Kumārajīva’s statue in Kizil Grottoes
Kumārajīva’s Legacy in Transmitting Mahayana Buddhist Teachings to East Asia
The Kizil caves are located in the present districts of Kuche (庫車) and Baicheng (拝城), located in what was once the ancient kingdom of Kucha (Qiuci 亀慈). The Kingdom of Kucha was one of the great Buddhist kingdoms located along the Silk Road’s Northern Route and was known for its many temples and monks.
The fourth century manuscript, Chu Sanzang Jiji (Collected Records from the Tripitaka 出三蔵記集), records that there were “over ten thousand monks in Kucha,” “countless extravagantly decorated temples,” and “palaces adorned with images of the standing Buddha, just like those seen in temples.” Furthermore, the manuscript records that there were three nunneries in Kucha in which were present the daughters of kings and nobles. The document describes the city as one of the great Buddhist centers of Central Asia.
It is not clear when Buddhism arrived in Kucha, but from what one can tell from the Chinese records, it
seems that already by the end of third century to the beginning of fourth century, many monks hailing
from the Kucha area were in China engaged in the translation of the Buddhist scriptures. The most famous translator of them all, the monk Kumārajīva (鳩摩羅什) made his entrance into history around this time. It is not known exactly when he was born or when he died, but his major accomplishments are concentrated in the period between the first half of the fourth century and the first half of the fifth century.
Kumārajīva, was the son of a Kuchean princess and an Indian father from a noble family. At a young age, he and his mother together became Buddhist adherents (his mother joining a nummery and Kumārajīva entering the priesthood). Still at a very young age, he moved to Kashmir (then part of the Gandhāran Kingdom 罽賓) to study Theravad Buddhism. In Kashmir, however, he came into contact with Mahayana teaching, and upon returning to Kucha, he dedicated himself to the Mahayana school of Buddhism.
Growing in fame as a teacher, his fame reached beyond borders of Kucha borders, and it was said that his name was known throughout all of Central Asia. In Volume Two of the Kao-seng Chuan (Biography of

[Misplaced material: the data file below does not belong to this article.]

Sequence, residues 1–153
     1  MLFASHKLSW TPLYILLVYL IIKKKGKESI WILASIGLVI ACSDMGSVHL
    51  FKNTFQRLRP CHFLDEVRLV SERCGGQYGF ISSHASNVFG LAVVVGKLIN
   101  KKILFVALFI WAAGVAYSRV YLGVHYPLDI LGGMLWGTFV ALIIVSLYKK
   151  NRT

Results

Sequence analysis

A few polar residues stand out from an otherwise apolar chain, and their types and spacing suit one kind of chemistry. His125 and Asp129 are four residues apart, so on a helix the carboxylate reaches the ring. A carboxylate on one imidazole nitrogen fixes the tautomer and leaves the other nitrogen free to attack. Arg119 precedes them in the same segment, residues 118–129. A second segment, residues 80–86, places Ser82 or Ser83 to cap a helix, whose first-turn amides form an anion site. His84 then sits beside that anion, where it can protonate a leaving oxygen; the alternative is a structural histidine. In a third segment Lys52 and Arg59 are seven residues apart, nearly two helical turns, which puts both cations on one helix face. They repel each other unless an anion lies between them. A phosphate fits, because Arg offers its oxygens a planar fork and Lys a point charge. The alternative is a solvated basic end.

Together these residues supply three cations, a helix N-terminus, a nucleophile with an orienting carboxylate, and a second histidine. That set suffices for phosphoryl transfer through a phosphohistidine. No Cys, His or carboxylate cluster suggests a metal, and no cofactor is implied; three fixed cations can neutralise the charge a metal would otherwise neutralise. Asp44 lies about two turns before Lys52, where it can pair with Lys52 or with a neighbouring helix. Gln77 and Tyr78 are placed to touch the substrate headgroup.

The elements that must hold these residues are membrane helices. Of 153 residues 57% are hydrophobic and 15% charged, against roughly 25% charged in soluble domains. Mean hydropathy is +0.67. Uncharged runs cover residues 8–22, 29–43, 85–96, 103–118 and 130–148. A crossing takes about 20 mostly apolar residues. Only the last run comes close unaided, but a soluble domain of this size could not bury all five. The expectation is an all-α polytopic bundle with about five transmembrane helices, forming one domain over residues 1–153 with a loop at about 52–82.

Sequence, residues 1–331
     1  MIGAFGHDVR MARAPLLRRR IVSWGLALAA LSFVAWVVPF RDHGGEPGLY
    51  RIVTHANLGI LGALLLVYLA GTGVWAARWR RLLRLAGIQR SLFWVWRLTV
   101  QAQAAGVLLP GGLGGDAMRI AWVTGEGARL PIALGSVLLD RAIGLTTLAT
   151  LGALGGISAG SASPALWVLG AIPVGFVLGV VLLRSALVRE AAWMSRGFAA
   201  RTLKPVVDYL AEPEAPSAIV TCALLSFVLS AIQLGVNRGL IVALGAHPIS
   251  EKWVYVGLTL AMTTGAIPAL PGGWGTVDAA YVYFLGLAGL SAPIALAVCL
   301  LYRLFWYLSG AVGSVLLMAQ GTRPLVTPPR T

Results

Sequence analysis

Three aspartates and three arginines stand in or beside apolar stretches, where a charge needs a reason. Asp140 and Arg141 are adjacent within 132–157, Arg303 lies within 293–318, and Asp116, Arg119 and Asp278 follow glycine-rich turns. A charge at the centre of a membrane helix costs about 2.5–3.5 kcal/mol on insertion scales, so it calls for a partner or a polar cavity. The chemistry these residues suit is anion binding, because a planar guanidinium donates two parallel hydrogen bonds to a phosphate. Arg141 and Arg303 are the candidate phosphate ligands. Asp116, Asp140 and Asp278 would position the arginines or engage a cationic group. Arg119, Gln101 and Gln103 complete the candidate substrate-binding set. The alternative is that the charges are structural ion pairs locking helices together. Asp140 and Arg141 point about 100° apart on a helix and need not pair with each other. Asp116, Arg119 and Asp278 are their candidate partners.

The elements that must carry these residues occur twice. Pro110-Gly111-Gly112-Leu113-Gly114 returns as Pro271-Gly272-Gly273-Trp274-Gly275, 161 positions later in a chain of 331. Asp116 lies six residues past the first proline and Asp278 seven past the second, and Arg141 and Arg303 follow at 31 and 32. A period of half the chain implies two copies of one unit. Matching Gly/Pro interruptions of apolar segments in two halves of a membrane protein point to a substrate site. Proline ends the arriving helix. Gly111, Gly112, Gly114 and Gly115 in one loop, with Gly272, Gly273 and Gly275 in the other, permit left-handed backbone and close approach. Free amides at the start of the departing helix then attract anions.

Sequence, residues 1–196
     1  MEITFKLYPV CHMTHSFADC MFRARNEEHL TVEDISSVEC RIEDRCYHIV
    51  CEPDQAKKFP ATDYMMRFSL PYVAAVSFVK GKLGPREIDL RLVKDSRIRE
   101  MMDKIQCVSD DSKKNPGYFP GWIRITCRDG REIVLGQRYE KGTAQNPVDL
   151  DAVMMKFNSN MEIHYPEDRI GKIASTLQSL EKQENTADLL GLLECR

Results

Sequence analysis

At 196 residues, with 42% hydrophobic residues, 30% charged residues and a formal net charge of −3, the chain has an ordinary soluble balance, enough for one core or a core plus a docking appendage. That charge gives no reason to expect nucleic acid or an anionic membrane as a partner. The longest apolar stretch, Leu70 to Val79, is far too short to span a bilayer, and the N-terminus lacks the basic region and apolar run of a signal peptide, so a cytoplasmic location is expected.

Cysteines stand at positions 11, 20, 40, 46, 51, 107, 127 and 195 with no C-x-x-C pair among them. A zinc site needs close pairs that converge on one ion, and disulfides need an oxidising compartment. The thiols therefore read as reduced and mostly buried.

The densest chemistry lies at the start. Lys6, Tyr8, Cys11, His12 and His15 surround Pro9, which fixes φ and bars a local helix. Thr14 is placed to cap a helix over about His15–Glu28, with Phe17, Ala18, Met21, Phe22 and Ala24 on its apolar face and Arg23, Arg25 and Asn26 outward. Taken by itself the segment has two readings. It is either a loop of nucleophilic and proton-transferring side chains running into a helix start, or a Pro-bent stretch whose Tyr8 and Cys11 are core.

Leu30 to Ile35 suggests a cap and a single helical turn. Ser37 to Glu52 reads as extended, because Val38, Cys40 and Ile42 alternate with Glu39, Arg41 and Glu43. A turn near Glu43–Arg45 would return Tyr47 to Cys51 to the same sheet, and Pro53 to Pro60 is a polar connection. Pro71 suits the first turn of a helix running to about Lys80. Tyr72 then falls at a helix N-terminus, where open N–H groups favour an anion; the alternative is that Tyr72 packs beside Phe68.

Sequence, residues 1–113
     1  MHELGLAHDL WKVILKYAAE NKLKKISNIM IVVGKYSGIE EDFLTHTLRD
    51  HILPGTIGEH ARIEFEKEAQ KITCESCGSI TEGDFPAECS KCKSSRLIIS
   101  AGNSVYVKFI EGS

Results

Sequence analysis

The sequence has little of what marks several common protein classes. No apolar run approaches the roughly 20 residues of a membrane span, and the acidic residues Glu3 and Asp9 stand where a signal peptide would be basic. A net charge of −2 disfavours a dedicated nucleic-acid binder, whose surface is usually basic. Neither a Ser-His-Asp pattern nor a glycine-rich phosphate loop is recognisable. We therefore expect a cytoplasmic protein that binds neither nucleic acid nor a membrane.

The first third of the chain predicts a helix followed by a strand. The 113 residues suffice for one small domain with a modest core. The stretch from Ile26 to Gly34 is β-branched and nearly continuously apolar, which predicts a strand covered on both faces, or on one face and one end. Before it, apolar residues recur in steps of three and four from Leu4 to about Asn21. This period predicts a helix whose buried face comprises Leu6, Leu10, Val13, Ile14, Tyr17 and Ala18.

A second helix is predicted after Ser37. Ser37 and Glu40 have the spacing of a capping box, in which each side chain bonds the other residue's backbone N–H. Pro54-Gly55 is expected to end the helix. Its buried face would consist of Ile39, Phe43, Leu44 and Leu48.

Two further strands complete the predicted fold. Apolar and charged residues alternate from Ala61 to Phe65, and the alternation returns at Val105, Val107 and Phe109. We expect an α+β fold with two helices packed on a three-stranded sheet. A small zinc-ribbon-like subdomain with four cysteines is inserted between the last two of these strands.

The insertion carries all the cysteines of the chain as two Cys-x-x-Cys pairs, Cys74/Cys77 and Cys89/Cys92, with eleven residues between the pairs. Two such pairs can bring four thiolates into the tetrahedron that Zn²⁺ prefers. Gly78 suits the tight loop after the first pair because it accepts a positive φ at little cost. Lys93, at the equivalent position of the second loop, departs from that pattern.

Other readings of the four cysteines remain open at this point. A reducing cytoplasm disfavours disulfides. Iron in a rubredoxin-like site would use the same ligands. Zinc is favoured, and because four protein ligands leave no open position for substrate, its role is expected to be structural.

Eminent Monks 高僧伝) it is recorded that, “the western nations all knelt at Kumārajīva’s sacred wisdom.
During the annual lecture, the kings all lowered themselves before his seat, and let him step on their backs as he ascended the steps. Thus was the extent to which he was admired.” Later, due to strong requests from the Chinese who heard of his fame, he would participate in the translation of sūtras in the Chinese capital of Chang’an (長安).
Chinese translations of sūtras did exist in China before Kumārajīva. However, these translations were
achieved by simply utilizing the already-existing native Daoist Lao-Zhuang philosophy.
Soon the Chinese began to realize the shortcomings of studying Buddhist scriptures in this manner, and therefore began a demand for translations done by foreign monks with a deeper understanding of Buddhist vocabulary and the teachings as contained in the original-language texts.
Thus, Kumārajīva was the perfect candidate; for not only had he acquired Sanskrit during his studies in India, but was also thoroughly familiar with Mahayana Buddhism.
Whilst instructing his students, who are said to have exceeded three thousand, Kumārajīva continued to translate important Mahayana scriptures into Chinese, including the Smaller Sukhavatîvyûha sūtra (阿弥陀経), the Pañcaviṃśatisāhasrikā Prajñāpāramitā sūtra (大品般若経), the Vimalakirti sūtra (維摩経), and theMahāprajñāpāramitaśastra (大智度論).
His translation of the Lotus sūtra in particular was thought to surpass other past translations. Due in part to Kumārajīva’s superb translations, Mahayana Buddhism was to spread throughout Eastern Asia, and soon was propagated as far east as Japan.
The fact that Kumārajīva’s translations continue to be used in present day Japan shows the enormity of his achievement in the full-scale transmission of Mahayana Buddhism to the East. Not only Chinese Buddhism,
but other Buddhist nations which were part of this great spread of Mahayana teachings along the Silk Road (including the great Buddhist Kingdom of Kucha), from West to East as far as Japan came to benefit from t
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